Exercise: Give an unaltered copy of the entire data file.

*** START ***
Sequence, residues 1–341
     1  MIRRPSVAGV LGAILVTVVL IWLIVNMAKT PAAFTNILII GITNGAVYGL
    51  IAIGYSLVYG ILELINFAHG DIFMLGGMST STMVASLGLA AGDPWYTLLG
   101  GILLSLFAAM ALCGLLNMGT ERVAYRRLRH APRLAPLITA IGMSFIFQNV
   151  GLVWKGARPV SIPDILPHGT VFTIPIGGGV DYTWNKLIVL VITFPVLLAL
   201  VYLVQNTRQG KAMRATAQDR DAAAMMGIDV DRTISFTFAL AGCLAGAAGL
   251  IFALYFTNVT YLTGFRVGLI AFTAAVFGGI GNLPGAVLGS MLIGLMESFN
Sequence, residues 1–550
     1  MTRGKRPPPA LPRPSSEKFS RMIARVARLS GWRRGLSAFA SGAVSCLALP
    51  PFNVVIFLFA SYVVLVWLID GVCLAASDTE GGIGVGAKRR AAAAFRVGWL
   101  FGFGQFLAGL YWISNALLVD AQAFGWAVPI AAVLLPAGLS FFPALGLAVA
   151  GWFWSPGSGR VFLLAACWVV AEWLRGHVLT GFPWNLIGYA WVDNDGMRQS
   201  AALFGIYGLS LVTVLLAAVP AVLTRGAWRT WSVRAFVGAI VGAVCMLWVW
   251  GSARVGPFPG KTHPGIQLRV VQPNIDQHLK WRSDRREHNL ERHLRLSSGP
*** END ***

Sequence, residues 1–341
     1  MIRRPSVAGV LGAILVTVVL IWLIVNMAKT PAAFTNILII GITNGAVYGL
    51  IAIGYSLVYG ILELINFAHG DIFMLGGMST STMVASLGLA AGDPWYTLLG
   101  GILLSLFAAM ALCGLLNMGT ERVAYRRLRH APRLAPLITA IGMSFIFQNV
   151  GLVWKGARPV SIPDILPHGT VFTIPIGGGV DYTWNKLIVL VITFPVLLAL
   201  VYLVQNTRQG KAMRATAQDR DAAAMMGIDV DRTISFTFAL AGCLAGAAGL
   251  IFALYFTNVT YLTGFRVGLI AFTAAVFGGI GNLPGAVLGS MLIGLMESFN
Sequence, residues 1–550
     1  MTRGKRPPPA LPRPSSEKFS RMIARVARLS GWRRGLSAFA SGAVSCLALP
    51  PFNVVIFLFA SYVVLVWLID GVCLAASDTE GGIGVGAKRR AAAAFRVGWL
   101  FGFGQFLAGL YWISNALLVD AQAFGWAVPI AAVLLPAGLS FFPALGLAVA
   151  GWFWSPGSGR VFLLAACWVV AEWLRGHVLT GFPWNLIGYA WVDNDGMRQS
   201  AALFGIYGLS LVTVLLAAVP AVLTRGAWRT WSVRAFVGAI VGAVCMLWVW
   251  GSARVGPFPG KTHPGIQLRV VQPNIDQHLK WRSDRREHNL ERHLRLSSGP